I went through it all in my head.  I don’t like to cook.  I’m not crafty.  I can’t sew.  Watching Martha Stewart for more than 5 minutes makes me itchy.

I have tossed around the idea of doing some part time work from home, but the last two times I had that thought I ended up pregnant again.  So you can imagine I’m a bit gun shy at the idea.

Before kids, we did all sorts of things to escape.  Tim and I would spend the weekend camping at the marina and go out on the boat all day.  We’d sit at Barnes & Noble and have coffee and read the Sunday paper.  We’d sit on the couch and do crossword puzzles together.

Even after Gerry was born I still found some time to escape.  He was in daycare three mornings a week, and I would go to Jazzercise or take a walk with the dog, or even grocery shop alone.  Howie went to daycare two mornings a week the summer before Lewis was born, and I used that time to get ready for the new baby.  It was my quiet time to plan as I pleased.

I need my escape to be when everyone else is engaged in their own thing as well.

With that, I realized that my escape time will be coming.  Next September, Lewis will be in preschool two mornings a week, and the other boys will be in school full time.  I’ll have five hours each week that will be mine again.

So I have 10 months to find my escape.  Maybe it will be something I’ve done in the past.  Maybe it will be something new.  I’m open to suggestions.  It’s ok that right now I don’t have that escape.  I know it will come.  I’m looking forward to discovering what that one thing will be for me, something that helps me flip the switch to “Alysia” mode.

In the meantime, I know that in my own house I am the expert.  I am that “go-to” person when things go wrong.  I’m the one setting the goals and it’s my job to help my family reach them.  And it’s ok if, for now, I leave the switch in “mom” mode.

Especially since I can do that in my pajamas.

“I said, ‘I never knew’…
That you liked Pina Coladas, and getting caught in the rain.
And the feel of the ocean, and the taste of champagne.
If you like making love at midnight, in the dunes of the cape.
You’re the love that I’ve looked for, come with me, and escape.” – Escape (The Pina Colada Song) by Rupert Holmes

On my soapbox for one moment.

I read a lot of blogs. I mean A LOT. Probably too many (I think my husband would say scratch the “probably”). But I do it for a reason. In my constant struggle to become a better parent – maybe a more understanding parent – I search out others who are experiencing what I am and try to learn from their successes and lessons learned.

I read all these blogs because the mainstream parenting magazines just don’t fit my family anymore. I can’t tell you how many times I’ve picked one of them up with the teaser “Tips to help your picky eater!” and just put it down laughing. I need the “tips for helping your kid who will only eat crunchy orange food off of a green plate and has to drink his smoothie through a green straw!” Not surprisingly, that’s not the headline in next month’s Parents magazine.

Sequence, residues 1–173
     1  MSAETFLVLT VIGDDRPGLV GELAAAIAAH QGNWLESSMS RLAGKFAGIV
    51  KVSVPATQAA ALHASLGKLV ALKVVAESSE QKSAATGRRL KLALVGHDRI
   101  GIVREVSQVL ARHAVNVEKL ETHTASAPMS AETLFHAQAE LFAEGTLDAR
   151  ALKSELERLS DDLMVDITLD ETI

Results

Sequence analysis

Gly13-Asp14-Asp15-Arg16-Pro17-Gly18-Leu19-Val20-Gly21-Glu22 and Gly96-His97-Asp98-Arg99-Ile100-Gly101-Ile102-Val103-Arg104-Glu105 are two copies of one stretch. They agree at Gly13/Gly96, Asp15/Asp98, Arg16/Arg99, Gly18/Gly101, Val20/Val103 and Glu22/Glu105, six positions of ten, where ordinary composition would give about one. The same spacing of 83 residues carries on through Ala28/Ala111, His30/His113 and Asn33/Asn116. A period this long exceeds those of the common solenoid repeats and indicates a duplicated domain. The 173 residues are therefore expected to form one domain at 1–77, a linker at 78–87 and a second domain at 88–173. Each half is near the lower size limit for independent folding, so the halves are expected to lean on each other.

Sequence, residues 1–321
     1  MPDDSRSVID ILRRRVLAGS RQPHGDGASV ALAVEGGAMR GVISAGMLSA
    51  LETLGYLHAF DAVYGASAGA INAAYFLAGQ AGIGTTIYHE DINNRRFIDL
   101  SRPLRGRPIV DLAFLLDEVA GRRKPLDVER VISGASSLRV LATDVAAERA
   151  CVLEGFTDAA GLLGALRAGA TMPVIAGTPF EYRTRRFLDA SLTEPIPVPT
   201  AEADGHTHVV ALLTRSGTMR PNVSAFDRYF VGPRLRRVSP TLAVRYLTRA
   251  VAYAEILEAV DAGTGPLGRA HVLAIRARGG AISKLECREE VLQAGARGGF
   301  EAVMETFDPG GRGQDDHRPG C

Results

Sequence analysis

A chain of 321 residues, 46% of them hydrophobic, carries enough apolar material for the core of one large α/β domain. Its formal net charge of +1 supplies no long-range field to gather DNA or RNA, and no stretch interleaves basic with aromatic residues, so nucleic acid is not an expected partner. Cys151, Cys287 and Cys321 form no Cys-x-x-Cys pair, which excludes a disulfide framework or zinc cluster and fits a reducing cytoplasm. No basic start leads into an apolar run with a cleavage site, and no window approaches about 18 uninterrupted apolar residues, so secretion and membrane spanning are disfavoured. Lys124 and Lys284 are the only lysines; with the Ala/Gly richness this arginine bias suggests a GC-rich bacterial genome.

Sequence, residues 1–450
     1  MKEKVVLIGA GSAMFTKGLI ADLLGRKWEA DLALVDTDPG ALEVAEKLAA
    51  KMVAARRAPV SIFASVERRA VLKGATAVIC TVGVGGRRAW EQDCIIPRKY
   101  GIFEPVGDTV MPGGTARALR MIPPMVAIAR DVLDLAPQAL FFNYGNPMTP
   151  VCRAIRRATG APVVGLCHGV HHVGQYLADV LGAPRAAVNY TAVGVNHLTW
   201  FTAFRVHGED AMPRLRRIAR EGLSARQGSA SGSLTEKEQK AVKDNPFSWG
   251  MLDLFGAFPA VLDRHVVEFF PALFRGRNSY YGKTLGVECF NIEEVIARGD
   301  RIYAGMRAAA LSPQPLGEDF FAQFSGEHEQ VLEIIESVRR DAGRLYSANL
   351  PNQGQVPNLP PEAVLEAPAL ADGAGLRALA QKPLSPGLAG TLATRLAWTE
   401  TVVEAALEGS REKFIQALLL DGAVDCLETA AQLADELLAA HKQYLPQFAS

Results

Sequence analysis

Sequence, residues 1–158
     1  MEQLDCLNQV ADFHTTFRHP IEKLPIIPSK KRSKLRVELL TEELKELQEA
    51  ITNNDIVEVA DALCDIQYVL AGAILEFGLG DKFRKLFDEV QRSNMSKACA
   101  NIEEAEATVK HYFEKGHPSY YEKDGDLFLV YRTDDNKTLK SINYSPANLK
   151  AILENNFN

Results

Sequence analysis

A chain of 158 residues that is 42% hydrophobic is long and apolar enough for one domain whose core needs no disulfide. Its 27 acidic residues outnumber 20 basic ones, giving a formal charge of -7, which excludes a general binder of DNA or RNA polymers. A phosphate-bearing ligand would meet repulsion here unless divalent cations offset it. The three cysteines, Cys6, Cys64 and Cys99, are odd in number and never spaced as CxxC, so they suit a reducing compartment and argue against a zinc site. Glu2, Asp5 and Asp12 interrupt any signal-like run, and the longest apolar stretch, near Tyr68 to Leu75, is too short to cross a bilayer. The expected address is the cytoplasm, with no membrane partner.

However, it is the headline in many of the blogs I read. In addition to the amazing live and in person support group I have, these writers have become my guide through my everyday struggles. These mothers and fathers live what I live, and through our blogs and comments we share advice, ideas, and encourage each other to press on another day. Because it’s about our kids. We know that we aren’t medical experts, but we have been through enough to help others try not to reinvent the wheel.

But I’ve noticed lately a weird trend in some of the blog comments I’ve been reading. Things are starting to get nasty. Personal. People attacking the character and background of other bloggers. I’m not going to link to any of the personal attacks here because I don’t want to give them any more attention than they’ve already received. But it’s mean and unnecessary, and in many times there just to incite the other readers. Is that really what we’re all about?

Now I haven’t been writing for very long, so maybe this has been happening for a while and I’m just naive. I know that the autism community is divided on many issues – from causes to treatments to policy issues – and has been for a very long time. There’s nothing wrong with that. But to call someone a bad person or a bad parent because of what he or she believes or does for their child? Seems out of character for a community that wants their kids to be treated with respect and dignity in the outside world.

My father was the ultimate politician and I learned a lot from watching him. He would sit down with someone who was completely opposed to his position on a particular issue, listen to them carefully and thoughtfully, and then quietly explain his perspective and point of view. It was never about him or about pushing his agenda. He made it about the issue (usually about kids) and helped turn the discussion into a civil exchange of ideas. He would change the debate. More often than not, the person walked away with a new way of looking at the problem. And every time they walked away with a favorable impression of my dad.

Maybe it’s time to reshape our debate …again.

I’m joining with the amazing editors at the Autism Blogs Directory and am taking the next step to help create a new community. They challenged their readers to pick a blog they have never seen, read it, and leave a respectful and thoughtful comment. There are so many wonderful writers out there sharing their stories daily and I know I have a lot to learn from everyone.